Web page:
Q. Mike, when the Smashing Pumpkins were auditioning for new drummers to replace Jimmy Chamberlain, did you try out?
Yes, the Pumpkins asked me to audition. I didnít get it, but that was really nice of them to ask. We know them. [Pumpkins guitarist] James [Iha] and I both went to Loyola and [vocalist] Billy [Corgan] and Jim were friends. And even though theyíre one of the biggest bands in the world, I think they respect what Material Issue did. I have a flier at home from 1989 or whatever that features the Pumpkins, Urge Overkill and us. It was a good time to watch as we all got signed.

Q. Would either of you be interested in fronting your own band?
Not really. Tedís written some good songs, but Iím not a songwriter. The projects weíre doing now are pretty much things that we have taken on so we donít become stagnant.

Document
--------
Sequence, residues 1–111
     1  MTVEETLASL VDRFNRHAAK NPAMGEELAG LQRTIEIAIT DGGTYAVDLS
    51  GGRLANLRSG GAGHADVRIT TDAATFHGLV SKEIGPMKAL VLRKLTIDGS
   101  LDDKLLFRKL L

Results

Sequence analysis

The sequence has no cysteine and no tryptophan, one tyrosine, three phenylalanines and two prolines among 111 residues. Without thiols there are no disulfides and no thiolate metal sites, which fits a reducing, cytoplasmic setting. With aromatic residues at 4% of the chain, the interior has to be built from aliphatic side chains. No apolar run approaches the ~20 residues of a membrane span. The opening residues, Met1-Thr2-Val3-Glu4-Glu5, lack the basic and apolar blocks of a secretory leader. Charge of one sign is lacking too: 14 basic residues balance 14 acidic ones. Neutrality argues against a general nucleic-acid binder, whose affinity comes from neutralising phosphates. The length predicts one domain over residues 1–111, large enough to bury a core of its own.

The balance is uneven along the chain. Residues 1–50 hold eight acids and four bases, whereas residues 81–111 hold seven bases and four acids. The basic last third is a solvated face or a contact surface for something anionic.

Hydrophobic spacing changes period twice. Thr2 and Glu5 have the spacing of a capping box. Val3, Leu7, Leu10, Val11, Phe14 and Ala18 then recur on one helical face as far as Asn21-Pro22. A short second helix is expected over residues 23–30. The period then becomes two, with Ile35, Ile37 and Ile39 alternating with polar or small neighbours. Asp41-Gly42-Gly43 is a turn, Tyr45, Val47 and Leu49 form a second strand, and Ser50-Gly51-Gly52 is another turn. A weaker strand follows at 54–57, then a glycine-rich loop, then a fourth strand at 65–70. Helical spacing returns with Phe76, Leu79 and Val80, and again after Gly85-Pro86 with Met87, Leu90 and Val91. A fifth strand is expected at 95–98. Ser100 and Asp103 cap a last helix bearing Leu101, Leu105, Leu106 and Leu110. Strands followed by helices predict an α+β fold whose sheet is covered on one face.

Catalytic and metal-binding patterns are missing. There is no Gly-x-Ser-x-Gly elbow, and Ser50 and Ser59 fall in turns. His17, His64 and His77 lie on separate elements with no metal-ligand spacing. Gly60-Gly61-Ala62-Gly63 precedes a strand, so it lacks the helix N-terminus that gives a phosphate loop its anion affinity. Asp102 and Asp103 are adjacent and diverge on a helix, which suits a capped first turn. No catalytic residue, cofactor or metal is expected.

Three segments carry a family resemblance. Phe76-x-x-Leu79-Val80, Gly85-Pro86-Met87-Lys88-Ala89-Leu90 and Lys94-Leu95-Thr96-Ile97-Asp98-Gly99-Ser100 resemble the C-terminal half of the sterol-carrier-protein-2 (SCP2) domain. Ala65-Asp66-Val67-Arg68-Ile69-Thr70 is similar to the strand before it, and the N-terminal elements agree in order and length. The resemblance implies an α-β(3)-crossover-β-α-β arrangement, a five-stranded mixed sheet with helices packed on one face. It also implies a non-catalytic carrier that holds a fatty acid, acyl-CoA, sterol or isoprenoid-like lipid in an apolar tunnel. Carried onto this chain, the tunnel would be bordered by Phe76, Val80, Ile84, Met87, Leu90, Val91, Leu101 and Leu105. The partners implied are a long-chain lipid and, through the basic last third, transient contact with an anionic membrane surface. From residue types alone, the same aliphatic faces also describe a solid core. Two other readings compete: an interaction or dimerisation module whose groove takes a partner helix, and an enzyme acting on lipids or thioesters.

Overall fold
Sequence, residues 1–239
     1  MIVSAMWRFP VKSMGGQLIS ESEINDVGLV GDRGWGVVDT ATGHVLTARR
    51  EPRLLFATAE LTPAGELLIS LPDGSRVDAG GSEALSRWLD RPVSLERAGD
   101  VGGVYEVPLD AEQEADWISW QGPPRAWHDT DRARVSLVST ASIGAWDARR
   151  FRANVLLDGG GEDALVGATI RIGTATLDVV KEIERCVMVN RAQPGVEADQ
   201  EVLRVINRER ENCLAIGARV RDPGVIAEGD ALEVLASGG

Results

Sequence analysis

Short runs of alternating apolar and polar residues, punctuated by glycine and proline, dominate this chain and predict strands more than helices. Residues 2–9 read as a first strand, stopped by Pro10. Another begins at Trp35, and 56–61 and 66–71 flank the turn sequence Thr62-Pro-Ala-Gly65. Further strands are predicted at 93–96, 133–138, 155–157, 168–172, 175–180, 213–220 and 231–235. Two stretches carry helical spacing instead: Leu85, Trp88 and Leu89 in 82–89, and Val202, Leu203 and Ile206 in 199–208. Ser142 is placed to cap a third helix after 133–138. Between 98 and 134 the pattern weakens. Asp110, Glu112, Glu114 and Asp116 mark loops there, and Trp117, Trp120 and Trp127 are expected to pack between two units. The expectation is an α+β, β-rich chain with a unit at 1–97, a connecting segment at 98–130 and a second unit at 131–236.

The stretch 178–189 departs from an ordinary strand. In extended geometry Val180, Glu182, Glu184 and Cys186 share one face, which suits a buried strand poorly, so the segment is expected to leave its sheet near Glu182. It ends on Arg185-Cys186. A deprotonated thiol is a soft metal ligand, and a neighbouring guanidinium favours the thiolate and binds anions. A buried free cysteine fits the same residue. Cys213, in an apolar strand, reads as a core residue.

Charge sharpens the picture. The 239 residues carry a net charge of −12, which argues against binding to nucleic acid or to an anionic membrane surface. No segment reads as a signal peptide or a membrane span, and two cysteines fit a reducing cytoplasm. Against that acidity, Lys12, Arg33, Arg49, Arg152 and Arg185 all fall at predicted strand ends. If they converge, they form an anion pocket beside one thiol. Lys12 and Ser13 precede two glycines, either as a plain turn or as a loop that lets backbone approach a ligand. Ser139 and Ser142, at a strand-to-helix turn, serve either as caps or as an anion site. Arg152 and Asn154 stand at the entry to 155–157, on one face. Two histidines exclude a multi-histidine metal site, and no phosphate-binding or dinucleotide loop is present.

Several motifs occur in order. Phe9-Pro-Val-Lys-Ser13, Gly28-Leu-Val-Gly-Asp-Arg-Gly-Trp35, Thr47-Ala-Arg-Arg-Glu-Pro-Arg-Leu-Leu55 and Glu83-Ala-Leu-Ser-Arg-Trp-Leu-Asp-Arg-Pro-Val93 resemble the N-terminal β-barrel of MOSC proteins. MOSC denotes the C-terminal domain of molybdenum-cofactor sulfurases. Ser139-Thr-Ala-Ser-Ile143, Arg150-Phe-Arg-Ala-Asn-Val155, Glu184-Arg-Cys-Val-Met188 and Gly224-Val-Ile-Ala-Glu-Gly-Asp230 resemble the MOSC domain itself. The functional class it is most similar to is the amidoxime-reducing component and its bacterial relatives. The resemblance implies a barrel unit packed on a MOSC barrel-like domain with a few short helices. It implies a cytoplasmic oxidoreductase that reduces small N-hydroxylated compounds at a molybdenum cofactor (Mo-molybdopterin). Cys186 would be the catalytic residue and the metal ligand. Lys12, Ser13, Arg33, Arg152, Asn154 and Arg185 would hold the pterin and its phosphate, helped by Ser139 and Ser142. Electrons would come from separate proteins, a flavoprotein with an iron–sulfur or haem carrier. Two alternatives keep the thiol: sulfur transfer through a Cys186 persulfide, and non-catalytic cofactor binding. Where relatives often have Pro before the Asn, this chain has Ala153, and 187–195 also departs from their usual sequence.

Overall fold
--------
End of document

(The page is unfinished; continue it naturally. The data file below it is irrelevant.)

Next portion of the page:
Ansani: Mike and I are more interested in being a rhythm section for hire right now. Weíre working together with Hummer now. We sometimes play with Slink Moss, and Mike has been playing drums with Specula for about three years. I also play bass with the Teenage Frames. Theyíre really on the ball, and Iím working with them as a session guy and doing some shows. But no, I donít want to form another band.

Q. What do you hope people remember most about Material Issue?
Jimís songs. They guy wrote hits.
Ansani: Jim would write a song and say [imitates Ellisonís nasal voice], "This oneís the biggest hit." Then the next day, heís play another one he wrote and say the same thing. Iíd say, "Well, what about that one you showed us yesterday?" and heíd say, "That was cool, too. "Weíd joke about that all the time. But he was right. They were all great songs.

Back to Travis Gower's Material Issue page